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Monday, April 27, 2009

Feast of Saint Mark

Mark 1:1-15
Acts 3:12-19

Oh, yeah, Peter is showing us just how to win friends and influence people. First, begin by making the worst sorts of accusations: “The God of Abraham, the God of Isaac, and the God of Jacob, the God of our ancestors [in other words, The One, with whom no one should mess] has glorified his servant Jesus, whom you handed over and rejected…But you rejected the Holy and Righteous One and asked to have a murderer given to you, and you killed the Author of life.” Hmmm…good start. Then toss in some condescension: “‘And now, friends, I know that you acted in ignorance.” Finally, wrap it all up with a suggestion that implies a description your listeners almost certainly don’t want to hear: “Repent therefore [“You callin’ me a sinner?”].” Yup, that’ll do it every time…NOT! Truly, if Peter always showed this little skill in dealing with people as he went around telling them about Jesus, it’s astonishing that anyone ever converted.

Then there’s John the Baptist, the oddball in the desert. I’ve been reading a great blog lately that talks about aspects of presenting ourselves outwardly in a manner that reflects the glory of God who dwells within each of us. Evidently John never ran across this particular blog! Honey and locusts aren’t exactly a balanced diet, and all that time out in the sun can’t have been good for his hair or his complexion…and that camel’s hair outfit :-o If people were flocking to him, part of it must’ve been out of fascination with his weirdness. And he, too, had that annoying habit of calling people sinners who need to repent…

In other words, Peter and John were rough, tough, bluntly bumbling men who were, to our eyes and ears, odd choices to be entrusted with the life-saving, world-changing task of spreading the Good News. In fact, if you take a look around the Bible, God seems to have a history of this: give the 10 Commandments to a guy who hates public speaking; entrust the promise of the future generations of Israel to a way-past-old couple; let an unwed teenager be the Messiah’s mom; recruit a motley band of fishermen, tax collectors and outcasts to help out said Messiah. See a theme here? Not promising, not at all!

I think, however, that that’s the point, or at least part of it. God hasn’t chosen the smoothest and the smartest, the slick and the silver-tongued—the mini-Messiah’s—to do God’s work. Instead, God’s been calling on ordinary people who live ordinary lives. People like you and me.

Whether that’s good news depends on your perspective. If you’d prefer simply to cruise along taking care of yourself and not worrying about God or your neighbor, both literal and figurative, then I guess you won’t be too thrilled to hear that God has a purpose for you no matter who you are and what you’re like. God has a way of shaking things up, of turning lives upside down, and that’s going to be extra-hard for you.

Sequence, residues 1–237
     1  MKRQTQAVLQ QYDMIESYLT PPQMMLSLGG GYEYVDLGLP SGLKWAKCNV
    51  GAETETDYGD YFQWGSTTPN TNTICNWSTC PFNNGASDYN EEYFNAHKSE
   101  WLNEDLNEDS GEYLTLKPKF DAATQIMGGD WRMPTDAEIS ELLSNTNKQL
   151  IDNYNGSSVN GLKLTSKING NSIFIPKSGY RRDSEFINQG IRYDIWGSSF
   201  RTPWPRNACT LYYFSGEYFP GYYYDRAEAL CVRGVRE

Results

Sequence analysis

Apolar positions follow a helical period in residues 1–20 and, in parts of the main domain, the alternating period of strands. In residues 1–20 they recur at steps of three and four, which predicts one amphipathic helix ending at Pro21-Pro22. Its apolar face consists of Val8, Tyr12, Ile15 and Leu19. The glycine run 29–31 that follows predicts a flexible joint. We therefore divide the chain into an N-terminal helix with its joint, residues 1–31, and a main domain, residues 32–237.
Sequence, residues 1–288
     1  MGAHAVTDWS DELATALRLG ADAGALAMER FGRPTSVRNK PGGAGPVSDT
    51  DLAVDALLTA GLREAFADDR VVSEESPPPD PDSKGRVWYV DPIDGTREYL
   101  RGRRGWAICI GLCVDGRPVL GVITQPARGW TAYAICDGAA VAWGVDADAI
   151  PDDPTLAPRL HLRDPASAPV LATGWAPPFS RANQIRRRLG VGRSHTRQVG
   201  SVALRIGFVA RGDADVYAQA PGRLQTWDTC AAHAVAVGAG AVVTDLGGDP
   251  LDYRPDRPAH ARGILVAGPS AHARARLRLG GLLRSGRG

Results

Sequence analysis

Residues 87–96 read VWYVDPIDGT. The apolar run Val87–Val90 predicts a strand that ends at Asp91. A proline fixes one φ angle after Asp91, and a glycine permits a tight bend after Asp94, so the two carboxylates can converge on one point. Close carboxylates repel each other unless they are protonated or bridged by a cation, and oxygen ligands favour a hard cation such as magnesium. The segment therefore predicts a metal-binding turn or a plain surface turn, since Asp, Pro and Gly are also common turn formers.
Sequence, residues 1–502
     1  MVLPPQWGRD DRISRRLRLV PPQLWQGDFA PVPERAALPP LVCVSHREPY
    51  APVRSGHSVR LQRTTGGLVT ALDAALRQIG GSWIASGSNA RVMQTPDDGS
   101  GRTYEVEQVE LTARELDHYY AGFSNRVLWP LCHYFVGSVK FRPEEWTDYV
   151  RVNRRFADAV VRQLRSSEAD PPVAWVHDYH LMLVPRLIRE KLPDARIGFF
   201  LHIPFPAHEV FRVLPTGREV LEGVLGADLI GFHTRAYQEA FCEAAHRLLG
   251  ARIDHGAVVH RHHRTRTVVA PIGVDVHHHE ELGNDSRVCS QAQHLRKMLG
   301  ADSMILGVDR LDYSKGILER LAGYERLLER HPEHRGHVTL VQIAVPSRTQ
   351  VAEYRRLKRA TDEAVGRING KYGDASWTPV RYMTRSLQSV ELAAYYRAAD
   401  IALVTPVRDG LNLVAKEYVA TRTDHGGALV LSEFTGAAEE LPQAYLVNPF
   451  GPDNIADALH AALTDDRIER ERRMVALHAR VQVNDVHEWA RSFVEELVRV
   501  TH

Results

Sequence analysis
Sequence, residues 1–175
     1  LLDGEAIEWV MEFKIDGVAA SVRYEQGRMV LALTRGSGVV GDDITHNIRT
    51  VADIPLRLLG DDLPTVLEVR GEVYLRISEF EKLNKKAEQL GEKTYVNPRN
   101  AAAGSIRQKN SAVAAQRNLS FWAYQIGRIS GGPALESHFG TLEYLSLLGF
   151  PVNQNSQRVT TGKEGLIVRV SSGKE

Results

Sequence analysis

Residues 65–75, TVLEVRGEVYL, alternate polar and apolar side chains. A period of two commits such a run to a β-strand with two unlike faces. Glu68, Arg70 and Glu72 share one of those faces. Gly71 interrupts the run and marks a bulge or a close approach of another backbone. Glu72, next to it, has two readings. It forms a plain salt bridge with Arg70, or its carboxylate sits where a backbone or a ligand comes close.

However, if what’s holding you back—a lot or a little—in serving God is that you don’t feel talented enough, or clever enough, or faithful enough, or beautiful enough, then it’s great news! We don’t have to be perfect to serve God. We don’t even have to be near-perfect to serve God. As with Peter and John the Baptist, in our weakness, God’s strength is revealed; in our uncertainty, God’s confidence is declared; in our imperfection, God’s perfection is glorified. If everyone knows it’s not our ability, then they also know it has to be God’s. The bottom line is that the gospel isn’t about us; it’s about God and God’s love and what God has done in Jesus Christ. We matter, but we make a difference as God’s beloved children, not through our looks or our speech or our cleverness or the number of Bible verses we read each day.

This isn’t to say that there’s no correlation between the gifts God has given us and our role in the body of Christ and the world. Of course there is! The person who’s good with numbers and the one with an ear for music and the one who’s happiest delivering casseroles are probably going to be called to different ways of helping share God’s love. The danger is if any one of them thinks that she or he has to be really, really good before offering to share that gift…because that day might be a long time in coming. Likewise, if we put off praying until we imagine we know enough about prayer, or talking about God in our life until we can explain it just so, or helping at the Cold Weather Shelter until we feel completely comfortable around people who are homeless, then we very well may never do anything.

Oftentimes faith and ministry are simply about diving in and trying, either because we’re asked to do so or because something stirs within us, nudging us in that direction. If it doesn’t work out, then perhaps that’s a step toward figuring out what else God wants us to do. The same holds true for us as a congregation, as the people of God called to this particular church. We pray, we listen, we look around, we talk, and then we try on a ministry, seeing if it’s God’s way of proclaiming Jesus’s love in this time and place. If it flourishes, great; if it isn’t right, well, then we’re back to praying and listening and talking and looking, because something else will be. We don’t have to wait—we shouldn’t and can’t wait!—until we have it all figured out.

Sure, we’re odd choices, every one of us and all of us together, odd choices to be entrusted with the life-saving, world-changing task of spreading the gospel. But that’s God’s way, and I’m pretty sure it’s Good News!

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Saturday, April 25, 2009

Feast of Saint Mark

April 25th is the Feast of Saint Mark on the Liturgical Calendar, and so we celebrate the life and witness to the Good News of Jesus Christ of our patron saint. St. Mark, it is now agreed by scholars, wrote the earliest Gospel account of the life, ministry, death, and rising of Jesus. His Gospel is intense, dramatic, and unrelenting in it's focus on the singular truth it conveys: Jesus Christ is the Son of God.